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Grigori Denisenko's arrival could start a dramatic ripple effect on the Panthers' roster

The feisty Russian winger is a threat to crack the NHL lineup in 2020-21, and it's probably not a coincidence he's signing just in time for two key Florida forwards to become UFAs.
Jerome Miron/USA TODAY Sports

Jerome Miron/USA TODAY Sports

With the NHL still on pause, it’s easy to sleep on blips in the news cycle, such as a 2018 first-round pick inking a three-year, entry-level deal this week. But Florida Panthers fans need to be wide awake on the Grigori Denisenko signing. Not only does he bring major potential to the fray right away, but the news of his impending arrival could have a significant impact on how GM Dale Tallon manipulates his roster going forward.

The Panthers nabbed Denisenko, a left winger who shoots right-handed, 15th overall in the 2018 draft. We were high on him at the time. In Draft Preview 2018, we slotted him a bit lower at 22nd but projected him as a surefire first-rounder with a feisty game reminiscent of Alexander Radulov’s. The analysis from one scout leapt off the page: “He’s a wild child. He comes 100 miles per hour. He hurts his team at times with penalties because he plays so aggressively. But that’s one of the things you like about him. If you tone him down so he won’t get kicked out, he’s going to bring a physical edge to a guy who has a good skill level and skating ability.”

All he’s done since draft day 2018 is confirm the scouts’ excitement over him. The KHL numbers are pedestrian, but that’s not a red flag at all, as the league rarely gives teenagers major roles and ice time. The more telling stats are those Denisenko has accrued against his peers and when trusted with a major role. He led the 2019 world juniors in scoring and captained Russia's 2020 squad. Our Future Watch panel of active NHL team scouts and executives rated Denisenko the sixth-best NHL-affiliated prospect in the world in 2019 and eighth-best in 2020, with the latter number especially impressive considering he was ranked against an additional draft class' worth of prospects.

We listed Denisenko at just 5-foot-10 and 165 pounds in his draft year, and he’s since beefed up to 5-foot-11 and 181 pounds. He’s still a bit undersized for someone who plays such a feisty game, but he epitomizes the cliché of someone who plays bigger than his size. As Panthers director of player personnel Bryan McCabe told our Panthers correspondent Erin Brown in Future Watch 2020, Denisenko “can play the game any way you want. He’s a stud.”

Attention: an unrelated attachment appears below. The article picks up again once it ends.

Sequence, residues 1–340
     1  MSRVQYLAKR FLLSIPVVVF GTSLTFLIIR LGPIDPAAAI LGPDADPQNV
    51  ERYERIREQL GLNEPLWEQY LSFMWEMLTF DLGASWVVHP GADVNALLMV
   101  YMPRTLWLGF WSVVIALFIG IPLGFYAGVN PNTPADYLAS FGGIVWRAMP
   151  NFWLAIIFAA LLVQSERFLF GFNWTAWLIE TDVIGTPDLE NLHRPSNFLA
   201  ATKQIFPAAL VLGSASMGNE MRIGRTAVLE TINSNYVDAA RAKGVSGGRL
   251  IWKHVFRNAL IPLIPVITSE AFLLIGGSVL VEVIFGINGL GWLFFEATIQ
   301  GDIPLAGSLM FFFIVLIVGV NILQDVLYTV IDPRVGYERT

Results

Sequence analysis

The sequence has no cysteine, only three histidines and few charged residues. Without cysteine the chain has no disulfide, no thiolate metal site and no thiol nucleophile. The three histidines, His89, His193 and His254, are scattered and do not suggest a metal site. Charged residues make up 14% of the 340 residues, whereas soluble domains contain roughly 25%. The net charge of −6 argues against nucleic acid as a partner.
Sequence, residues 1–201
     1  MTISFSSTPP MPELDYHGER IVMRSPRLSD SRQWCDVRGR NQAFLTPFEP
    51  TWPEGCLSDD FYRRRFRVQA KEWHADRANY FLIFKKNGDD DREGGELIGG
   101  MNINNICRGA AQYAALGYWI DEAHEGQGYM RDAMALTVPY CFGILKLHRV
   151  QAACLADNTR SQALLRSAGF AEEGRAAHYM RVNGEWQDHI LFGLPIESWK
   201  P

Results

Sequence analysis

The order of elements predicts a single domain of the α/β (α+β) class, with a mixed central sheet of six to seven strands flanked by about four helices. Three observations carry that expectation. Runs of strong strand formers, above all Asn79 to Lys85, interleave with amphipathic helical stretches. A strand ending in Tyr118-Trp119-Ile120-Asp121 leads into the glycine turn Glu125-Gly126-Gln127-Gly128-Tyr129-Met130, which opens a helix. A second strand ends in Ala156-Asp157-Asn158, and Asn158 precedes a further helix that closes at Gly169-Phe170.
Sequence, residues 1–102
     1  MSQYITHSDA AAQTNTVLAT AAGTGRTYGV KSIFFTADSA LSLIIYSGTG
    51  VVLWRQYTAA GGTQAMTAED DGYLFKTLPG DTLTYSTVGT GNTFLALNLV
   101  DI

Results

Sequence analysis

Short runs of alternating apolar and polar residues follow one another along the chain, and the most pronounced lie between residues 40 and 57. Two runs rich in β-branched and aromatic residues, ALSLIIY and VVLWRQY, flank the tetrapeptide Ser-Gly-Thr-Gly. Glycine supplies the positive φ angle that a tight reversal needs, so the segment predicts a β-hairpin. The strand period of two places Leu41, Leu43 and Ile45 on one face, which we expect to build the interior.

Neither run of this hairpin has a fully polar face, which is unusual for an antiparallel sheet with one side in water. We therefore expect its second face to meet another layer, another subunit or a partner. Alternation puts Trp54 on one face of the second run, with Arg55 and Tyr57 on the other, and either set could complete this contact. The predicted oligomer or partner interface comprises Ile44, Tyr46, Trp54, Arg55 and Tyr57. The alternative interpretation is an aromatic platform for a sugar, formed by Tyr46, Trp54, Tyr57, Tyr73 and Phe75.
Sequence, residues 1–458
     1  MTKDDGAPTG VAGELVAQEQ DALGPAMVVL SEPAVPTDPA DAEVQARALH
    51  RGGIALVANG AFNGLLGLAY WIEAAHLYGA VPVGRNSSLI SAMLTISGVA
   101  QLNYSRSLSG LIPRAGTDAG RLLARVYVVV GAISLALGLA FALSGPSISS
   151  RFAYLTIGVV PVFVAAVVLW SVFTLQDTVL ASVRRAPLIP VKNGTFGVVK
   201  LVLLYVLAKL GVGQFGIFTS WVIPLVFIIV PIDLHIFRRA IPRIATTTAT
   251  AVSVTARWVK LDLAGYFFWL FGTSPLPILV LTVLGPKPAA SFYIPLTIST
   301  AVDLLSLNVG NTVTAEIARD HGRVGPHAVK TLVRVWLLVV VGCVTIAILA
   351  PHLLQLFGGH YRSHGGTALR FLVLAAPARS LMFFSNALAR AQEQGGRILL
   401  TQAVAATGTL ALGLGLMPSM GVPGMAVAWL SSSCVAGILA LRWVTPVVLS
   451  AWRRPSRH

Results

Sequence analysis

“Any way you want” matters in the context of assessing Denisenko’s NHL readiness. When it comes to high-end forward prospects below the “jump right to the NHL from the draft” tier, most coaches believe an offense-only player can’t join the big club unless he can find a spot in the top six. Think Aleksi Heponiemi. But forwards with well-rounded, two-way games can reach the pros quicker because they can slot in on any line. Denisenko could be just as effective in his early days on a checking line as he would on a scoring line, and that greatly increases his odds of being a Panther for 2020-21. They won’t want to rush him, as they’ve already had to rewind Henrik Borgstrom’s development, but Borgstrom came from the college ranks and only dipped his toes in the AHL before joining the Panthers in 2018-19, whereas Denisenko, 19, has already logged two seasons as a pro playing against men in arguably the world’s No. 2 league. So he should challenge for a roster spot.

And if the Panthers believe he’s a true threat to make the team in 2020-21, that really changes things for GM Dale Tallon.

The Panthers currently have $61.46 million committed in 2020-21 salaries. At this point, given all the revenues that will be lost as a result of the COVID-19 pandemic, we can obviously forget the previously projected salary-cap increase to the $84-88-million range, and a static cap of $81.5 million looks optimistic, too. The Panthers, then, are likely to be working with $20 million or less – maybe a lot less, given the winter rumors that ownership wants the team to slash $10 million in payroll.

It just so happens that two of Florida’s top six wingers, Mike Hoffman and Evgenii Dadonov, are UFAs. Given their consistently strong offensive production, they could combine to command $15 million in cap space on their next deals.

Meanwhile, Denisenko comes to town, Borgstrom might be ready for another shot at the NHL level, and another first-round prospect, goal-scorer Owen Tippett, had a great season in the AHL and will push to make a jump in 2020-21.

So the Panthers have two expensive UFA forwards; probably not enough money for both of them; and three first-round prospects knocking on the door of the NHL. On top of that: we know Tallon has been looking for help on defense behind Aaron Ekblad and Keith Yandle. How Mike Matheson fits into the long-term vision right now is foggy considering Joel Quenneville deemed him worthy of an experimentation at forward this season.

The 2020 UFA class isn’t the sexiest but happens to be strong in the defense department, at least for now. Alex Pietrangelo remains unsigned, as do Torey Krug, Tyson Barrie, Sami Vatanen, T.J. Brodie and even Dustin Byfuglien, who won a Cup playing for Quenneville (albeit a forward).

Connect all the dots, including the Panthers’ eagerness to sign Denisenko, and perhaps we have a hint at Tallon’s off-season blueprint: let at least one of Hoffman and Dadonov walk, hand the keys to the young forwards and use the available cash to chase a top-four defenseman.

The arrival of Denisenko, then, will shape the future in more ways than one.

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